Oklahoma execution room (OK Dept. of Corrections)
An execution room in Oklahoma (Okla. Dept. of Corrections)

The botched execution of a condemned man in Oklahoma last week reignited America’s perennial debate over the death penalty and the ethics of capital punishment.

Among western democracies, the United States stands alone in its continued use of capital punishment. Since 1976, when the Supreme Court ended a brief moratorium, 1379 inmates have been executed at the hands of the state, and more than 3,000 remain on death row, according to the Death Penalty Information Center. The death penalty is currently legal in 32 states — including California, where a 2012 voter initiative to ban it was narrowly defeated —  as well as within the federal justice system. 

But a series of factors, including botched executions, exonerations, evidence of racial discrimination in sentencing, excessive legal costs and dropping crime rates have all contributed to a growing uneasiness with capital punishment. Although a solid majority of Americans still believe that convicted murderers should be executed, support has waned considerably in the last few decades, according to recent polls. Of the 18 states (and the District of Columbia) that have abolished the death penalty, six have done so just within the last seven years, including, most recently, Maryland in 2013.

In the map below, death penalty states are in brown and states with bans in light blue. Mouse over each state for relevant data. (See article below map.)


  • Ron Smith

    Abolished death penalty or as we like to call it Free health care, room and board and meals for life for monsters Lotto states!

    • Jesse Baker

      Maybe you would enjoy all that prison room and board. It may even beat what’s available in the local homeless shelter. But we can’t execute our way out of this problem. There are 18,000 murders a year and only 50 put to death, so it’s obvious most homicides don’t result in a death sentence. Nor should they. Often victims provoke their own fate as in gang warfare, or it is a crime of passion rather than cold-blooded. Our laws account for such factors.

  • Bradley

    Death penalty should b mandatory for peaple who kill 3 or more people, children, and cop killers

  • Jeffrey Lange

    As an execution never brings back the victims, any “justice” it serves is merely a way to appease those left behind. An inmate in jail for life must live, daily, with the weight of his/her crimes. And even among those without remorse, they are stripped of their freedom and made to work for the state for pennies on the dollar.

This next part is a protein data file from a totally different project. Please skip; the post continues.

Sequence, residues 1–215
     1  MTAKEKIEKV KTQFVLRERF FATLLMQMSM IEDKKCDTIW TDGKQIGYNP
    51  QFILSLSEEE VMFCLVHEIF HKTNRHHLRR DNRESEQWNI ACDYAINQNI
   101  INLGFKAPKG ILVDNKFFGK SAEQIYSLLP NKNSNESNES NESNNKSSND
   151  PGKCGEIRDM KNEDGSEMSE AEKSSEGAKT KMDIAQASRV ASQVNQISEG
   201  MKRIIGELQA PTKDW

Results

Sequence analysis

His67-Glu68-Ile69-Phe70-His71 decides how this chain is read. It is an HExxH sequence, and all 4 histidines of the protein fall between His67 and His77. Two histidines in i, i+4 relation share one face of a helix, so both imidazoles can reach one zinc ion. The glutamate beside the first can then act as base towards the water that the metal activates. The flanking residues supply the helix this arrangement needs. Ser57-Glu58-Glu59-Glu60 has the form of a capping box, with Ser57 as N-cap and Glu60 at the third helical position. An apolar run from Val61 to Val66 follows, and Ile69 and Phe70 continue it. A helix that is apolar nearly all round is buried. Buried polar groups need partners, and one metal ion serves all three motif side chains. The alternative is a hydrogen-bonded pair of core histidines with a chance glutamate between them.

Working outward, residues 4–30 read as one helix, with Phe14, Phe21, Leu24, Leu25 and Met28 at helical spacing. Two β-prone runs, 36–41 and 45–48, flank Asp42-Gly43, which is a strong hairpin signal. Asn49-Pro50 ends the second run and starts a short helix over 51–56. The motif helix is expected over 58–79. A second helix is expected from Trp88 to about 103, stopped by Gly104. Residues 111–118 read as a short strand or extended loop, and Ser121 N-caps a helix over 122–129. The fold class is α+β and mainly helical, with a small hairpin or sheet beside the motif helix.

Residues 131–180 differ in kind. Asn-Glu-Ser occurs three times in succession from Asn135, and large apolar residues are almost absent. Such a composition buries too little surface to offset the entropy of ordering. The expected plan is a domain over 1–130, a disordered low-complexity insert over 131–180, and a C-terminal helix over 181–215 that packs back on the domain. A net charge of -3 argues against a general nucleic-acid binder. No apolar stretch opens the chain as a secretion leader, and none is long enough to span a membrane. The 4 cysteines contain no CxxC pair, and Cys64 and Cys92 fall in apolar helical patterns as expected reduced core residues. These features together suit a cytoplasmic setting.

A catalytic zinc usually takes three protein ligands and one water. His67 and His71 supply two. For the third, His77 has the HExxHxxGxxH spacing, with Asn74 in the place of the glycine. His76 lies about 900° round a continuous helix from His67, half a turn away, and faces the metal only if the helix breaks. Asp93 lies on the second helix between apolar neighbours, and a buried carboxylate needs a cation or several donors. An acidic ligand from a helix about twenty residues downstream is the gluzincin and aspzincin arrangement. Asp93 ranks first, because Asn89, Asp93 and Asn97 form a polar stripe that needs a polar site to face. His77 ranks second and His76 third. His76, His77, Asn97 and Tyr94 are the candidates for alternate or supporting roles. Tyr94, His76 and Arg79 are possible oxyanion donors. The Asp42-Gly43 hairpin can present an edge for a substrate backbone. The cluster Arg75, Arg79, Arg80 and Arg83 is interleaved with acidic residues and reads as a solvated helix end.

We have a responsibility to make sure criminals who have committed heinous crimes do not get another chance to do so. However, while the death penalty assures that, it is not the only assurance nor the best one. When violence is met with violence… and killing a killer is certainly that… we are not our best selves.

  • Jesse Baker

    Traditionally, our system has allowed each state to have its own penalties for crime. Rape used to be a capital offense in Alabama. The balance has been changing toward more federal influence over the years. The federal death penalty for murder dates back only to 1995, when Newt Gingrich became Speaker of the House in the Republican “Contract with America.” However, it covers many homicides even if they occur in non-death states. On the flip side, the Supreme Court has excluded the mentally retarded and juveniles from the classes of persons who can be executed.

    But philosophically, should the death sentence depend on polls as news stories suggest? Support has gone up and down like a yo-yo and there were periods as far back as the mid-1930s when majority sentiment stood against capital punishment. When Gingrich became speaker, 75% favored it. Sovereignty of popular will is fashionable, yet that’s not how government works. We get to elect our lawmakers, but the lawmakers vote only among themselves to pass a law. They don’t have to consult public opinion, and often arguably shouldn’t. When popular will rules, you have the Athenian mob that convicted Socrates.

Author

Matthew Green

Matthew Green runs KQED’s News Education Project, a new online resource for educators and the general public to help explain the news. The project lives at kqed.org/lowdown.

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